In the kitchen, a cast iron skillet is durable, versatile, and even adds a dose of healthy iron to your diet. Cooking with a cast iron skillet is a little different than cooking with stainless steel or on a non-stick surface. If you follow certain cooking and maintenance tips, though, you'll find that your cast iron skillet is the pan you turn to over and over.
Season the Skillet
A brand new cast iron skillet needs to be seasoned before its first use. Now, don't grab the salt and pepper just yet. Seasoning a pan consists of coating it with oil and baking it. First, wash the skillet with hot water, a couple of drops of mild detergent and a soft cloth. Dry the pan thoroughly. Next, coat the entire skillet with vegetable oil and bake it at 350 degrees Fahrenheit for one hour.
Frying in Cast Iron
Frying is a good way to "break in" your new skillet. Heating oil in the newly seasoned pan will help to reinforce the seasoning. Also, because the heat is distributed so evenly in a cast iron skillet, you'll find that it is easier to achieve consistently golden brown results when frying.
Preheating the Skillet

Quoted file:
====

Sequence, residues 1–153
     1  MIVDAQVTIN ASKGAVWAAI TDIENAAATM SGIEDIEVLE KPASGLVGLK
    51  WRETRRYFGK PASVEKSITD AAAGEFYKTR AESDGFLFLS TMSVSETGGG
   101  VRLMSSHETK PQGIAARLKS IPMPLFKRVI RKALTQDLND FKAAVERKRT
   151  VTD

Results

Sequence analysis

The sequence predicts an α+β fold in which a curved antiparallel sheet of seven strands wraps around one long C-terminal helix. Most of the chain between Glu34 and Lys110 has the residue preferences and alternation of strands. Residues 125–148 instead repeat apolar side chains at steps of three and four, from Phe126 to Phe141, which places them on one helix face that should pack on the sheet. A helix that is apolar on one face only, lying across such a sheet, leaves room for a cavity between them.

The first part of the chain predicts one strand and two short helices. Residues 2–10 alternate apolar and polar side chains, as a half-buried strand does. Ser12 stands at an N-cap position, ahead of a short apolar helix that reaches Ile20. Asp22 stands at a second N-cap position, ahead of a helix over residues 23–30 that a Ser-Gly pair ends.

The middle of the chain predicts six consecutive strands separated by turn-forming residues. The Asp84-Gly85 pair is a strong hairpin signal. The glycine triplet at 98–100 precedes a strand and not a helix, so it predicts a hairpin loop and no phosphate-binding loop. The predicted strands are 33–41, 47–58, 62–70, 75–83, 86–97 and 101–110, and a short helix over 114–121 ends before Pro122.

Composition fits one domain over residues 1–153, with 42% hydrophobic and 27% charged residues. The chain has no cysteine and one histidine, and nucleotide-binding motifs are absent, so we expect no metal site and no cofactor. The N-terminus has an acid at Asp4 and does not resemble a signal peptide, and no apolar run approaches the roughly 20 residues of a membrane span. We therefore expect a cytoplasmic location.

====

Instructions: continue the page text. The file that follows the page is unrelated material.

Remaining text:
If you are not using your skillet to fry, preheat it in the stove or on the oven before cooking with it. Because cast iron is so heavy, it takes it longer to heat up than skillets made from lighter materials. By preheating the pan, you will ensure that the heat is evenly distributed before adding the food.
Getting the Most Iron Out of Cast Iron
Whenever you cook with cast iron, a small amount of iron seeps out into the food. Yes, it sounds icky, but the extra dose of iron is actually good for you. In fact, doctors often recommend the use of cast iron to their patients with anemia. In order to get the most iron out of your pan, cook acidic foods such as marinara or spaghetti sauces, which break down even more of the iron.
Cleaning a Cast Iron Skillet
As archaic as it may seem, it is necessary to hand wash cast iron. Putting it into the dishwasher will wash away all of your seasoning efforts and may even cause the pan to rust. Instead, you should usually just clean it with hot water and a soft cloth. If the skillet is especially sticky or gunky, a mild detergent and plastic scrubber may be used. After washing the skillet, dry it thoroughly to prevent rust.
Words of Caution
Before you jump right in and whip up a batch of corn bread, there are a few more things you should know. Cast iron retains heat for a long time. Always use an oven mitt or pot holder when removing it from the stove. Keep in mind, also, that the skillet may leave black marks on the pot holder so you might assign one or two pot holders to use on the skillet every time. Finally, do not boil water in your cast iron skillet. This can cause the pan to rust.